Celebrating Ten Years of Father Bernie Poppe’s Ministry in Maplewood

The Rev. Bernard W. Poppe, center, was congratulated at coffee hour by two special guests -- the Rev. Canon Gregory A. Jacobs, Canon to the Ordinary of the Diocese of Newark, and the Hon. Victor DeLuca, mayor of Maplewood, NJ. Bernie is holding a proclamation from the Mayor and Township Committee.

On September 29, 2002, the Rev. Bernard W. Poppe led his first service as Rector of St. George’s Episcopal Church in Maplewood, NJ.  I had the privilege of serving on the search committee that called him, and I still remember how he started his first sermon.  The parish had been through a rough period — another priest had accepted our call, then resigned before ever taking the pulpit, setting up a second, 18-month search process.

Fortunately our church has a history of strong lay leadership, which sustained us during three years with two excellent interim rectors.  So on that Sunday morning we all watched with great anticipation as Bernie stepped into the pulpit to preach for the first time as the seventh Rector in what then was the 97th year of St. George’s.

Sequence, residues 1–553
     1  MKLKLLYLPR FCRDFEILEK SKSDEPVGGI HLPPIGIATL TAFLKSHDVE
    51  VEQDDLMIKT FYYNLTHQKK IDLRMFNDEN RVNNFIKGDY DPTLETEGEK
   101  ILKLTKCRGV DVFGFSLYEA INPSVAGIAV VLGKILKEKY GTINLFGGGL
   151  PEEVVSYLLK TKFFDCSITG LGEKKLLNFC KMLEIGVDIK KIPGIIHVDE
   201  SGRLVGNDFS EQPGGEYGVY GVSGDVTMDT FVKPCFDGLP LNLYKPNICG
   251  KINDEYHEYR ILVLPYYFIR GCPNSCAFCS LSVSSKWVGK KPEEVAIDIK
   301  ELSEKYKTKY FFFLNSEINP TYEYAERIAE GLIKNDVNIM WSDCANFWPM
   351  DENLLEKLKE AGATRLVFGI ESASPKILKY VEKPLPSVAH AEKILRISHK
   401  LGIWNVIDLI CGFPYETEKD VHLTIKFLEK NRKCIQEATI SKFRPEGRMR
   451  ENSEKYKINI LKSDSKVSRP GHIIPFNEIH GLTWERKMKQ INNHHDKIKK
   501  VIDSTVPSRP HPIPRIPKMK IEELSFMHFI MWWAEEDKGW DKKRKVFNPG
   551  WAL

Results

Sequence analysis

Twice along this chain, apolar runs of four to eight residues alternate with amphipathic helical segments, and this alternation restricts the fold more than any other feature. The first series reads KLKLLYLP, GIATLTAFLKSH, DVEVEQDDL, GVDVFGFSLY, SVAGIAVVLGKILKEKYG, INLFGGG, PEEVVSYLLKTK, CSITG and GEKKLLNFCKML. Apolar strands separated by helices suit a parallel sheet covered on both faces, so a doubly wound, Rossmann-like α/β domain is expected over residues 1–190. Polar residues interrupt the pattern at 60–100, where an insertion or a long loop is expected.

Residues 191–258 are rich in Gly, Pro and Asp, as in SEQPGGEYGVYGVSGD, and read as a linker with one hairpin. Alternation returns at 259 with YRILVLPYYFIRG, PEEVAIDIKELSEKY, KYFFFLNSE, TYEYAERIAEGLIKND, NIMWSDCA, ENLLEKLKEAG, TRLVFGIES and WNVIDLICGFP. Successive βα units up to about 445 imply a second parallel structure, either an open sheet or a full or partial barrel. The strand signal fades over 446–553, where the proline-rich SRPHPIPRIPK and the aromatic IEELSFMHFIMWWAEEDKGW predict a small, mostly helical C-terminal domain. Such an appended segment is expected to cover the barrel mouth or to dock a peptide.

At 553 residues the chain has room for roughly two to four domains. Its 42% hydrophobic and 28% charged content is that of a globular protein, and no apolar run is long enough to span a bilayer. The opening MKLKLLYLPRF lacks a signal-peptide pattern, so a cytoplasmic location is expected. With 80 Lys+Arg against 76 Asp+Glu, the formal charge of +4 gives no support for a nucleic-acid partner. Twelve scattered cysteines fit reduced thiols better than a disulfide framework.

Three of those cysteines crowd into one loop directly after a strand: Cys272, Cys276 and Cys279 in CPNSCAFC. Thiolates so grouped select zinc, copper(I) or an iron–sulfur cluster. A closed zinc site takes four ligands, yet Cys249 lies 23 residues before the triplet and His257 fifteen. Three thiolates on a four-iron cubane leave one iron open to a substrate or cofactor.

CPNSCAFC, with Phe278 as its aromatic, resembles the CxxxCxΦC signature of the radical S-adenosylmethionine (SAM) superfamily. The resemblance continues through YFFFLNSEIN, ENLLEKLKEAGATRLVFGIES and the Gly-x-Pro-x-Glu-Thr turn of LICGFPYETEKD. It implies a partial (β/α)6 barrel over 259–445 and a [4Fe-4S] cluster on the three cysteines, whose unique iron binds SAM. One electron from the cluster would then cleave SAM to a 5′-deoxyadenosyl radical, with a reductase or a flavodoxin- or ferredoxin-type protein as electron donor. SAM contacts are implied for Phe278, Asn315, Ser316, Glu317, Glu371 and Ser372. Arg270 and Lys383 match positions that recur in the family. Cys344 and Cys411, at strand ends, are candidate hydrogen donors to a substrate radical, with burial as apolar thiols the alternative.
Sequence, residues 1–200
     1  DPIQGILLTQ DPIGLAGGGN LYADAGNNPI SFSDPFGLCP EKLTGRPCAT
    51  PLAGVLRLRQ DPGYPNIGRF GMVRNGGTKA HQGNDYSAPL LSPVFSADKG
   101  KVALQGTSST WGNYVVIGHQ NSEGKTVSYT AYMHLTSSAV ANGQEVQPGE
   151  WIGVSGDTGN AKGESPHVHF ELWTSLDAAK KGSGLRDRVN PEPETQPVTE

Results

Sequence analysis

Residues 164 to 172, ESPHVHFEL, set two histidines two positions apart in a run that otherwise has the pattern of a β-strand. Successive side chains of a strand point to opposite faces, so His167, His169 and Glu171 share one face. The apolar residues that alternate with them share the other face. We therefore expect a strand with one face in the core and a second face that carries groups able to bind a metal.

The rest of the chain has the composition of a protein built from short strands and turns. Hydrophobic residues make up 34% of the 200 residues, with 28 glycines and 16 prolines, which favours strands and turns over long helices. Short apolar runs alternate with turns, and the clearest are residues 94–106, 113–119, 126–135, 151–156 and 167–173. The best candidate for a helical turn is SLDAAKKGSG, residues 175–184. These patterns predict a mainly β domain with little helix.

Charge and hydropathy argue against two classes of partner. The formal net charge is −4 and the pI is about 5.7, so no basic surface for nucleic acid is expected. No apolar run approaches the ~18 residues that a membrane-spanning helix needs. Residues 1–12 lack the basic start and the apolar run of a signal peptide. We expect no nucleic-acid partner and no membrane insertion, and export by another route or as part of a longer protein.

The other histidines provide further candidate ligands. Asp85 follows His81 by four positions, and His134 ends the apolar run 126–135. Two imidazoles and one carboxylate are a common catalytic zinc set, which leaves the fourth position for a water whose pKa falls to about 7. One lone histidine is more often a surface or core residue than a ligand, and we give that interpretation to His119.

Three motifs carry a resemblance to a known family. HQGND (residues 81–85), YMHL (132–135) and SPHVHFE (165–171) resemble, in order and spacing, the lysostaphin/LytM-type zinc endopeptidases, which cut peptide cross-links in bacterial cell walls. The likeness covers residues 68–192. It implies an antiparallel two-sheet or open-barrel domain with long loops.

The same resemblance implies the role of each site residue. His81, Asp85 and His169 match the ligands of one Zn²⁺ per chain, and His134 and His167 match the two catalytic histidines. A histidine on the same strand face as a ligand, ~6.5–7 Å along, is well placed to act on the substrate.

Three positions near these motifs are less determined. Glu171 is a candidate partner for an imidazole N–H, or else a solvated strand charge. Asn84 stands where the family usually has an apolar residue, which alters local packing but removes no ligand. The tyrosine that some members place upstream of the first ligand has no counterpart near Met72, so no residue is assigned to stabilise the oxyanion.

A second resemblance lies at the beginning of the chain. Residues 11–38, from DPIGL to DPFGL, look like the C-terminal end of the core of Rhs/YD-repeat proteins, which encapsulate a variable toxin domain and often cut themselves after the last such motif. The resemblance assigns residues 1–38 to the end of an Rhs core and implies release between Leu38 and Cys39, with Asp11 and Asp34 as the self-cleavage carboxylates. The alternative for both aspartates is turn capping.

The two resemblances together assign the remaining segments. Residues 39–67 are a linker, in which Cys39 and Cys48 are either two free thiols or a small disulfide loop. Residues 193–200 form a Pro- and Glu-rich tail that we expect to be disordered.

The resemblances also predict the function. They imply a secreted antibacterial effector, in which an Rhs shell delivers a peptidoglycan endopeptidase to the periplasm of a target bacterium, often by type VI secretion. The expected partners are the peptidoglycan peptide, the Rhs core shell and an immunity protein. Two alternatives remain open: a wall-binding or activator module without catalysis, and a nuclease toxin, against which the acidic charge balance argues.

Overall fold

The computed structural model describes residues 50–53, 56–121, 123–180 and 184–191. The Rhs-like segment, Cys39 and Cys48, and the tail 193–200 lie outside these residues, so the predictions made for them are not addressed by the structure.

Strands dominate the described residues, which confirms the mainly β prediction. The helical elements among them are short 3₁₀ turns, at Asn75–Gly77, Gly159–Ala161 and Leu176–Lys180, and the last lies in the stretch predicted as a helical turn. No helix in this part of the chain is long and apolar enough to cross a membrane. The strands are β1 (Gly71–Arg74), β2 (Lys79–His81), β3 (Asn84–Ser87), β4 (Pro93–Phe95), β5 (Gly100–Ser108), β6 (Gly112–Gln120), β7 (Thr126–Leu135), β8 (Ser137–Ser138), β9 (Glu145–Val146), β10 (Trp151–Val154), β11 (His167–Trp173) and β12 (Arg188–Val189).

“Finally!” he said.

His opening gambit was greeted with laughter and applause, and the laughter and applause continued today, a decade later.  Congratulations to Bernie and to the people of St. George’s, for building a vibrant ministry together.

“47%” and “You Didn’t Build That”: Two Sides of the Same Coin

It’s funny how each candidate’s biggest gaffe revolves around the topic of government dependency.

When Barack Obama said “If you’ve got a business — you didn’t build that.  Somebody else made that happen,” he displayed both a scorn for individual achievement and a reverence for the role of government.

When Mitt Romney clumsily conflated two overlapping-but-separate populations that each weighs in at 47% — people who pay no income tax and people who will vote for Obama “no matter what” — he displayed a scorn for dependency on government and a reverence for self-reliance.